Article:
Things We Hold On To

May 8, 2013 § 8 Comments

jansportbag2

I have this bag. Old as the hills, ripped and torn. Well-worn and well-loved, liked an old toy. Every other day or so I stuff my swim stuff inside and head off for my laps, and don’t give it a second thought other than “wow, I’ve had this bag for ever.”  Jansport would be proud of the longevity of their product, if not disappointed that I haven’t purchased a replacement yet.

So why do I hold on to it? Is it sentimental value? Prudence? Is it the Scot in me , the “waste not, want not” philosophy I was raised with? Is it just not that important to me to have a shiny new bag for my workout stuff?

It’s all those things, really. When the final seam rips clean I’ll let it go, but for now it serves a purpose and I like it. I like that it’s red and I like its traveled past. But it got me thinking, why do any of us hold on to any variety of things?

My Dad stored things like old scraps of wood and old nails. I remember a whole wall of them in his workshop, separated by straight ones and bent ones and rusty ones and shiny ones. We always figured this was a reaction to having been raised during the Great Depression. He held on to old nails the way some people hold on to old clothes or fancy dreams. The way some hold on to hurtful relationships, or to beliefs they never questioned. Some cling to illness, some to grief, some to judgment. Some to hope.

Something else got me thinking about this, too. I’ve been getting to know a marvelous group of people who recently shared personal stories – their life stories. Every one has a story, right? But not all stories are created equal, and I can’t tell you how deeply moved I felt reading their unrehearsed words, the baring of their souls with eloquent, often heart-wrenching honesty, intertwined with humor and wisdom gleaned from some pretty intense experiences all their own, yet experiences that could also be seen as windows to parts of the universal human condition.

And what does that have to do with holding on to things? A lot. Because we all keep a hold on certain things ~ and then, in order to be healthy, move on or make room ~ we let them go. These friends gripped (and grappled with) things as long as it took to learn the next step, to make it out, to be okay, to find grace, to feel safe, to understand forgiveness, to be grateful. They either learned, or are in the process of learning, how to let go of that which doesn’t serve their highest good. And they’ve discovered, or are in the process of forging, new pathways that DO serve. They are remarkable, beautiful souls.

We’re the only ones to make that call for ourselves. Someone may nudge, “Hey Mom, you know your bag is basically a tattered rag? You could replace it you know. Just a suggestion…” But when it comes to bigger things, like Big Emotional Trappings, a nudge is pretty weak. It might even backfire. Later, when someone comes to their own peace with something, has had their own awakenings, made their own decisions, fluttered their own wings, they may look back and wonder why they held on to something for so long, or why didn’t they listen to anyone (including their own inner voice),  ~ but that’s when they take their life back. That’s when the magic kicks in. It’s a freedom song. And really, we all want to feel we have a little say along our journey.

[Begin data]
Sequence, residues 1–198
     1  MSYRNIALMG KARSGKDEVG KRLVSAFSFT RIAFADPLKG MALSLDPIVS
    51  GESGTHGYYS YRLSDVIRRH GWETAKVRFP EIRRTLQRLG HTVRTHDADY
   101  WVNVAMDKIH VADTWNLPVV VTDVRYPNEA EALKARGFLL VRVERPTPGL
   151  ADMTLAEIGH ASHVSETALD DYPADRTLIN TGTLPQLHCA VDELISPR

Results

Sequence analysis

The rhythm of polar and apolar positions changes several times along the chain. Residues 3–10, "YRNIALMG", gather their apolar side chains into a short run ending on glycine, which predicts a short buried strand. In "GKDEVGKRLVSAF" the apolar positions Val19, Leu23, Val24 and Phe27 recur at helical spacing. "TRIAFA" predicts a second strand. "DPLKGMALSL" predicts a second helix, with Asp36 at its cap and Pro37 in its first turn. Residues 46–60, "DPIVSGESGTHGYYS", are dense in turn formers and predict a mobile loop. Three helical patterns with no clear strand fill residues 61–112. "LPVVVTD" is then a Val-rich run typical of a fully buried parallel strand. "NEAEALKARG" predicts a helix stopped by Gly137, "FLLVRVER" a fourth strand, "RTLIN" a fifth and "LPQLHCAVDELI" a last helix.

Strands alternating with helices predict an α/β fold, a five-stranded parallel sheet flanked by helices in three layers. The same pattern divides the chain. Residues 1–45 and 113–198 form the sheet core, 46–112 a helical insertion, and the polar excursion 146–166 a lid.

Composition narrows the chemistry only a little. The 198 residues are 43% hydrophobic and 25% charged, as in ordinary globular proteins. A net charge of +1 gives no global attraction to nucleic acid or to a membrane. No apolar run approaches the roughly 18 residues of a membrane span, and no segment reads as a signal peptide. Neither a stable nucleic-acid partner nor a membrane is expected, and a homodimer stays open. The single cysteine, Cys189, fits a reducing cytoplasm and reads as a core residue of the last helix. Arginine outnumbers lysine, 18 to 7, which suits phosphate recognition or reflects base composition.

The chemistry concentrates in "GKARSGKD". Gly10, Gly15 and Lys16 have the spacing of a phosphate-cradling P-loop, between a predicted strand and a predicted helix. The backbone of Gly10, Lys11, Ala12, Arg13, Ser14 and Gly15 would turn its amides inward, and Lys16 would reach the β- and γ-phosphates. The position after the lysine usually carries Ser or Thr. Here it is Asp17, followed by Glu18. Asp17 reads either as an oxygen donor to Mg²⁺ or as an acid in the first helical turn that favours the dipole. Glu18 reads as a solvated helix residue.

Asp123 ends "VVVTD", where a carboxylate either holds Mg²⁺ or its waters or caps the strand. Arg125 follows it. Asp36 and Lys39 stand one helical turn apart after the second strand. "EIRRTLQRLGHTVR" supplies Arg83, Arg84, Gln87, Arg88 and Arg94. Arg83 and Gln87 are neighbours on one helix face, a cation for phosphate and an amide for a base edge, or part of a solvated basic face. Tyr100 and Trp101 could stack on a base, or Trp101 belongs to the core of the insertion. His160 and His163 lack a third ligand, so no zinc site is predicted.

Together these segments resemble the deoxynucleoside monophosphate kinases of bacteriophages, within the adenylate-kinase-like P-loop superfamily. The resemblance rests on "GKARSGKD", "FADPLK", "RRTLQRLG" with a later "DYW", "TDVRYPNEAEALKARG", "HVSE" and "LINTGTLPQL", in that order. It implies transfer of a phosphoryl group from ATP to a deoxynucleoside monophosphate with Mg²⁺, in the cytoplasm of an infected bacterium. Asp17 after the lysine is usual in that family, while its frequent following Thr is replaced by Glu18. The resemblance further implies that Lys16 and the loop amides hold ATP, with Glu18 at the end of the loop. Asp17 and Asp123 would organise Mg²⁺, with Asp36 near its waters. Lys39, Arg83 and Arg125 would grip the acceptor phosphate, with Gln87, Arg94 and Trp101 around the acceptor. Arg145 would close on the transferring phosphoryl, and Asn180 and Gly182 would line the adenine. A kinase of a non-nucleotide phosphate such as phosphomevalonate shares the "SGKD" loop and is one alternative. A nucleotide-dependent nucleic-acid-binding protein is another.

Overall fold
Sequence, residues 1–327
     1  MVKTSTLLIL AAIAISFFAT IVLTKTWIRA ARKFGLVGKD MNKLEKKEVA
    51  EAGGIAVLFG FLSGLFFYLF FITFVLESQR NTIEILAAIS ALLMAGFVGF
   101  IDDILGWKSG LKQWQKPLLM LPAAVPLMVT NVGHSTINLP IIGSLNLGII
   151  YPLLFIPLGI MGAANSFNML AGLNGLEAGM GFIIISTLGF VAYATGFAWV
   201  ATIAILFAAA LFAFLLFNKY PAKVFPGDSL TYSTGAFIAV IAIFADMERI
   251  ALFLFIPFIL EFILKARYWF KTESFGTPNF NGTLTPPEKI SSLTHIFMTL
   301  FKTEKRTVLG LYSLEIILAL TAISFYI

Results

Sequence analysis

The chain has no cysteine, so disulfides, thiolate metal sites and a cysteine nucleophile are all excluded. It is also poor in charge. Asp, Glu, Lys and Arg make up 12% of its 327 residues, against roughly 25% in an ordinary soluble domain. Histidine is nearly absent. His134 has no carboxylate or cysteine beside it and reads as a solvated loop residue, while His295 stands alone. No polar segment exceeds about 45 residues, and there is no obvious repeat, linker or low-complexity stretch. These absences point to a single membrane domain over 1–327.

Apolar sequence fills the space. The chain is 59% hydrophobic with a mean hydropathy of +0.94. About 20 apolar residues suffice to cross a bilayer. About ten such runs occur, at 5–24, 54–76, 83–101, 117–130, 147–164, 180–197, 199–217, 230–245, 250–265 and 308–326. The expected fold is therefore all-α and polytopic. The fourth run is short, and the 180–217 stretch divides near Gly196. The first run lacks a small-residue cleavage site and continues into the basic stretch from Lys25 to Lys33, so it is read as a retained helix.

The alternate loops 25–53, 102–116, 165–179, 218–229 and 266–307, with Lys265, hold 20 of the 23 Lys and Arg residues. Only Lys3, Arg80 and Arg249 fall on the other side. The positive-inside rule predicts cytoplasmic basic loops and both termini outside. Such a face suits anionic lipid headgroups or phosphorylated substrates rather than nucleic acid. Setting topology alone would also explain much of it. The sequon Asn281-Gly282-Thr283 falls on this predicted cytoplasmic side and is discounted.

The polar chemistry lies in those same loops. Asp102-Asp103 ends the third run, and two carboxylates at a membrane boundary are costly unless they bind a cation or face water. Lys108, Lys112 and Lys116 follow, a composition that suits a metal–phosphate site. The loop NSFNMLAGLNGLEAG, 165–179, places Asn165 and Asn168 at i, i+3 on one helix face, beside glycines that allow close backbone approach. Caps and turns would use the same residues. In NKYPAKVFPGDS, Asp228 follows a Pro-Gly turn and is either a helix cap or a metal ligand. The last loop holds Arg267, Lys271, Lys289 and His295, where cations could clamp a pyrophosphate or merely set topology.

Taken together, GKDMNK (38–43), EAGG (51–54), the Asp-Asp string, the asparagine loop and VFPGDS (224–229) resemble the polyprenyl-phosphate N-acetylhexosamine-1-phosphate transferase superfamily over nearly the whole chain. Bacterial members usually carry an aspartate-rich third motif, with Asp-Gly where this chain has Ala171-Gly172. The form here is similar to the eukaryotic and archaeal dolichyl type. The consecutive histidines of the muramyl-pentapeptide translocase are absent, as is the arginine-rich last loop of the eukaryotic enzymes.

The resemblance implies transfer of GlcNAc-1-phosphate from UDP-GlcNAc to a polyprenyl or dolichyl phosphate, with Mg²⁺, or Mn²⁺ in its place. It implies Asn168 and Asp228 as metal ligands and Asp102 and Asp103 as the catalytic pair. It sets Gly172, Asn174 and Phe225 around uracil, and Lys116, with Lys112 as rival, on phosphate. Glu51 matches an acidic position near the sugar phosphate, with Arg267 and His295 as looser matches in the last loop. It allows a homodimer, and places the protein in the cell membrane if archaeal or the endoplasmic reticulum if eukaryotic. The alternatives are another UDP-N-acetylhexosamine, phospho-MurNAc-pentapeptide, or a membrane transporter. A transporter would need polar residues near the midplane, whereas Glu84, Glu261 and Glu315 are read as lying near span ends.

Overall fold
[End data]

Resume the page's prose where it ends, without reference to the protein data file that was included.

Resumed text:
No one can move the hands of the clock for someone else. We all wear different shoes, walk to our own rhythm, see with our own eyes, feel with our own hearts and find ways to nurture our own souls. We grasp on and linger with things – and people and conditions and situations – until we recognize their worth has gone, until we’re able to walk away, knowing they no longer define us and knowing, then, that releasing stuff is the right thing to do.

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§ 8 Responses to Things We Hold On To

  • What a wonderful blog! I found out about your blog via The road to ME on Facebook. I will definitely be coming back to this site again. Very nice.

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  • Patricia,
    What a truly beautiful post. You are so right on here. We all have our own rhythm in life. I think that the key is that we realize that and accept that change is inevitable. We need to be open to change and letting go. Sometimes it might be a tattered old bag or sweatshirt…other times it might be a vice or a bad relationship. Somethings need to be addressed sooner than others, but in the end the truth is that we need to be able to let go in order to heal and grow. Thank you for sharing about the impact your friends had on you. I believe that is why we all do what we do…find the common thread that link us together. The human condition isn’t fatal, but it’s so much easier to navigate with seasoned sailors.
    I love you mate! XOXO Ella

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  • usmile2Nancy says:

    So so very true are your words. Beautiful is pain for it is then we see the truth we need to learn. We grow with every day with every word but the direction we grow comes from our choices, those things we hold onto. Until the day comes we see, we realize its purpose is no more, we have learned. Only then can we let go, with gratefulness for what we have learned..
    So very well said, pure simple beautiful, thank you for this moment my friend.

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